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TRUE GRANDEUR OF NATIONS:
DELIVERED BEFORE THE AUTHORITIES
THE CITY OF BOSTON,
JULY 4, 1845,
BY CHARLES SUMNER.
0! yet a nobler task awaits thy hand!
For what can War but endless War still breed ?
Miltor, SONNET TO FAIRFAX.
1 84 5.
WILLIAM D. TICKNOR AND COMPANY.
EAST BURN'S PRESS.
CERTAINLY, if all who look upon themselves as men, not so much from the shape of their bodies, as because they are endowed with reason, would listen awhile unto Christ's wholesome and peaceable decrees, and not, puffed up with arrogance and conceit, rather believe their owne opinions than his admonitions; the whole world long ago, (turning the use of iron into milder workes) should have lived in most quiet tranquillity, and have met together in a firme and indissoluble League of most safe Concord. ARNOBIUS, ADVERSUS GenTES, LIB. 1.
All high titles come hitherto from fighting. Your Herzog, (Duke, Dux) is leader of armies ; your Earl (Jarl) is strong man; Marshal, cavalry horseshoer. A millenium, or reign of Peace, having been prophesied, and becoming daily more and more indubitable, may it not be apprehended that such Fighting titles, [also General, Admiral, Colonel, Captain] will cease to be palatable, and new and higher need to be devised ?-CARLYLE'S SARTOR RESARTUS.
CITY OF BOSTON.
In the Board of Aldermen, July 7, 1845. Resolved, That the thanks of this Board he presented in behalf of the City Council, to CHARLES SUMNER, Esq., for the able and eloquent Oration, deliv. ered by him, before the Municipal Authorities of the City, at the recent celebration of the anniversary of the Declaration of the Independence of the United States ;—and that he be requested to furnish a copy for the press.
S. F. McCLEARY, City Clerk.
Boston, July 10, 1845.
I am grateful to my fellow-citizens for listening with such indulgence to sentiments which, I was sorry to believe, would not be in harmony with the opinions of all; and I now place at your disposal a copy of the Oration, much of which was necessarily omitted in the delivery, on account of its length.
In undertaking to present my views of The True Grandeur of Nations, I thought that I was most fitly fulfilling the trust that had been reposed in me, when I was selected as the voice of the City of Boston on the National Anniversary. Believing that, in the present state of Christian society, all war and all preparation for war, are irrational, unnecessary and inconsistent with that true greatness at which our Republic should aim, I deemed it my duty on that occasion to uphold that truth. I was also anxious that our country should seek the true glory, and what is higher than glory, the great good, of taking the lead in the disarming of the nations.
Allow me to add, that I wish to be understood as restraining my opinions precisely within the limits which I have assigned them in these pages; and, particularly, to disclaim the suggestion which has been volunteered with regard to them, that Force may not be employed, under the sanction of Justice, in the conservation of the laws and of domestic quiet. All good men must unite in condemning, as barbarous and unchristian, the resort to external Force; in other words to the arbitrament of War; to International Lynch Law; or the great Trial by Battle, to determine justice between nations.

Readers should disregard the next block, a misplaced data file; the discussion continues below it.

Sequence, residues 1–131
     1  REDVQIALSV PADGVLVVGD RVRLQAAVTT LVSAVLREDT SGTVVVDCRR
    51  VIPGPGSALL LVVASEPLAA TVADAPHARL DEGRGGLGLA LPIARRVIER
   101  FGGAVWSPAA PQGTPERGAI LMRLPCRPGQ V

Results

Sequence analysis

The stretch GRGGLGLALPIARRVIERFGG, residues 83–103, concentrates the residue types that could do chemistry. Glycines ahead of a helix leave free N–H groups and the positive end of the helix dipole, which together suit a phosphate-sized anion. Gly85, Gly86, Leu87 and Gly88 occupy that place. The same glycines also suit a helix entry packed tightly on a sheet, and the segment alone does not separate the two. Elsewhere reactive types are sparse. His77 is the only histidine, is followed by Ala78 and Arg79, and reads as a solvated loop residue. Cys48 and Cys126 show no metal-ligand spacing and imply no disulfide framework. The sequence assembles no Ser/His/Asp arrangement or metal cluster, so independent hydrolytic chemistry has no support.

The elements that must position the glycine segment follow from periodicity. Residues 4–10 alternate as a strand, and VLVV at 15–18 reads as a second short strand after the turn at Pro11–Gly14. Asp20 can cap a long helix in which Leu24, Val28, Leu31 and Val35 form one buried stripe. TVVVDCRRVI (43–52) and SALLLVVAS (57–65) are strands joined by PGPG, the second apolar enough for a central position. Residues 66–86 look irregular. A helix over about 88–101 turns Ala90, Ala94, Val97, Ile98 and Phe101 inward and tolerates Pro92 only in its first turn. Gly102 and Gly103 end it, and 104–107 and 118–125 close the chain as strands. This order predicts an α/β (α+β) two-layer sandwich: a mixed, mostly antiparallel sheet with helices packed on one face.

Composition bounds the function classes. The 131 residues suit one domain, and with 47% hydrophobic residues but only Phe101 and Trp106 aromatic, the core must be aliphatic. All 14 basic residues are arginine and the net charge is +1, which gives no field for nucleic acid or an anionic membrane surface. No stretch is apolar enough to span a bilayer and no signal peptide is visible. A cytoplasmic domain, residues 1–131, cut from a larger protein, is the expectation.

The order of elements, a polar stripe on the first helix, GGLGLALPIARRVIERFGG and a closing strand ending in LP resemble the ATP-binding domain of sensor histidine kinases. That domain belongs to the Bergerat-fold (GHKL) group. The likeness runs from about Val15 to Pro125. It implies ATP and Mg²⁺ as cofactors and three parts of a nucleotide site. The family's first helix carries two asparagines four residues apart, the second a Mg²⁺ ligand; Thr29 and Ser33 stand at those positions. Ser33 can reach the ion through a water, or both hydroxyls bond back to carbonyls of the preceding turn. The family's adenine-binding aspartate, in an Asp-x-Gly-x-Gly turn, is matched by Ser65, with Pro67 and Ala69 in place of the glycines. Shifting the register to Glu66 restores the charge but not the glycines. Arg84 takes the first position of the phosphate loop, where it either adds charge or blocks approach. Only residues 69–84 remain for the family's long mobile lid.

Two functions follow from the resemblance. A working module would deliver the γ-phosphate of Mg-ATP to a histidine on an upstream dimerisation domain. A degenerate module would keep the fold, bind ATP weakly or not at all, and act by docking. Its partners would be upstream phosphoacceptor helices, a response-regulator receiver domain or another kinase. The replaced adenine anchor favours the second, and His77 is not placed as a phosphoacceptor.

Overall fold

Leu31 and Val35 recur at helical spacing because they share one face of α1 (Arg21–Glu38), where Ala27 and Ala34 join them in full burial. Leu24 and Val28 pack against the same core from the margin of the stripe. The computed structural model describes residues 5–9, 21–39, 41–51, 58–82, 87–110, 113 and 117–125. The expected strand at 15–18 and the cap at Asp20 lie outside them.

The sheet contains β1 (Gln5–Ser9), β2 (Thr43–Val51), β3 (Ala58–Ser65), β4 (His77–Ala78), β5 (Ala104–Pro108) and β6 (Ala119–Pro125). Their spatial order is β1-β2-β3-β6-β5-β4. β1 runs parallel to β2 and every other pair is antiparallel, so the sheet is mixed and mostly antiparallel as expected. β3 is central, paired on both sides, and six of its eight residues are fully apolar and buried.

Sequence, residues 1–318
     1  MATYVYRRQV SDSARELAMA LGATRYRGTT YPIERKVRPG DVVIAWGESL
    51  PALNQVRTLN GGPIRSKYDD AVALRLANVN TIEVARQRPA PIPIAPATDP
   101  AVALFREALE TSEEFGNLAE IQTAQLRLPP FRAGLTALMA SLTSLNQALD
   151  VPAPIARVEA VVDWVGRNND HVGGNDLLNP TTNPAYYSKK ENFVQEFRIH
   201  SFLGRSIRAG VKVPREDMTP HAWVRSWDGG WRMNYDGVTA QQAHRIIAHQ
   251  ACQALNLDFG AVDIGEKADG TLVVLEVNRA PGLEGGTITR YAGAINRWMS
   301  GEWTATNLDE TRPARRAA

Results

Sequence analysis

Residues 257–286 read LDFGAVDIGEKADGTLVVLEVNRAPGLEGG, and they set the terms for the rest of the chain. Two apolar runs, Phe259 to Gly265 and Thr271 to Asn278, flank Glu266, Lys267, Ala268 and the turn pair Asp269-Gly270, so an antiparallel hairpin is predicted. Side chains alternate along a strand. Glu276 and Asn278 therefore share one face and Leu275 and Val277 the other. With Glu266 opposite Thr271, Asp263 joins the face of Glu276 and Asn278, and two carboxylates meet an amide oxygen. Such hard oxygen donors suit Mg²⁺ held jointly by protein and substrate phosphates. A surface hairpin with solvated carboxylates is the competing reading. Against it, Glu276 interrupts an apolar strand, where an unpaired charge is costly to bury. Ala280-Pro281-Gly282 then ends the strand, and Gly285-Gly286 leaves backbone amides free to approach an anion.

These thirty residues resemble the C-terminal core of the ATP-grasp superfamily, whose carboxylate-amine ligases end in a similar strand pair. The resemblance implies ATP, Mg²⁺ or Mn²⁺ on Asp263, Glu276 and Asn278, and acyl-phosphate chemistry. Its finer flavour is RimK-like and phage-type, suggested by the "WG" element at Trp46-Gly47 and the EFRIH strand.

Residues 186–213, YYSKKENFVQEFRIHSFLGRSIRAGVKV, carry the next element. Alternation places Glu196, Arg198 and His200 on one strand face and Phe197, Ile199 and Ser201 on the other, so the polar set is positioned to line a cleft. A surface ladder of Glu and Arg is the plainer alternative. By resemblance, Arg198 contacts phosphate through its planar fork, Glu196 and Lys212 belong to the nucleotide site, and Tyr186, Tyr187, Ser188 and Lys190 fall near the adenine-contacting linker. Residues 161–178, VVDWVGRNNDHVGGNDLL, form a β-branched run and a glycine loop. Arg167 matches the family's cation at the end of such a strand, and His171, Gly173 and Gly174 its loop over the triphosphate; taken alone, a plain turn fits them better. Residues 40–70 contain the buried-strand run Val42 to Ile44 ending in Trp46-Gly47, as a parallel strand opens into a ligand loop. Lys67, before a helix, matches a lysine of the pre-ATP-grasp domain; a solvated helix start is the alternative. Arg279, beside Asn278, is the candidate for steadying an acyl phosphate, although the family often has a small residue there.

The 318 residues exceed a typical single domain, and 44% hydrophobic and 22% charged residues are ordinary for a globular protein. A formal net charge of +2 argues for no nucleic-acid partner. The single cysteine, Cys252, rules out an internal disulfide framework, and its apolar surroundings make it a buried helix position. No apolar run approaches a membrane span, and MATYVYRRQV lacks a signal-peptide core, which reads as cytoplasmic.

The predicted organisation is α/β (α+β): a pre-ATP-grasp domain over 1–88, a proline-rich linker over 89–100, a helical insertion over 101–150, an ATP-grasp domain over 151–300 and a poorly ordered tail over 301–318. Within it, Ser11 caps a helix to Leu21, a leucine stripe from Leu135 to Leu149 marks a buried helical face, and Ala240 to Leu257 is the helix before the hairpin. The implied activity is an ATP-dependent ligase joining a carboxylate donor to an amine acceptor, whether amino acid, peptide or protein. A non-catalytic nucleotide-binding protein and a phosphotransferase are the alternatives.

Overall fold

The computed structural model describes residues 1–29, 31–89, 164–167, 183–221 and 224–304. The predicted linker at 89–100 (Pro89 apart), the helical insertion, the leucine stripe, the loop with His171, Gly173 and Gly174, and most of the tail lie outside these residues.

I am, sir, your obedient servant,
THOMAS A. Davis, Esq.,
Mayor, &c. &c.
It is in obedience to an uninterrupted usage in our community that, on this Sabbath of the Nation, we have all put aside the common cares of life and seized a respite from the never-ending toils of labor, to meet in gladness and congratulation, mindful of the blessings transmitted from the Past, mindful also, I trust, of the duties to the Present and the Future. May he who now addresses you be enabled so to direct your minds, that you shall not seem to have lost a day!
All hearts first turn to the Fathers of the Republic. Their venerable forms rise before us, and we seem to behold them, in the procession of successive generations. They come from the frozen rock of Plymouth, from the wasted bands of Raleigh, from the Heavenly companionship of William Penn, from the anxious councils of the Revolution, and from all those fields of sacrifice, on which, in obedience to the Spirit of their Age, they sealed their devotion to duty with their blood. They seem to speak to us, their children ; “Cease to vaunt yourselves of what you do, and of what has been done for you. Learn to walk humbly, and to think meekly of yourselves. Cultivate habits of selfsacrifice and of devotion to duty. May our words be always in your minds, never aim at aught which is not RIGHT, persuaded that without this, every possession and all knowledge will become an evil and a shame. Strive to increase the inheritance which we have bequeathed; know, that, if we excel you in virtue, such a victory will be to us a mortification, while defeat will bring happiness. It is in this way,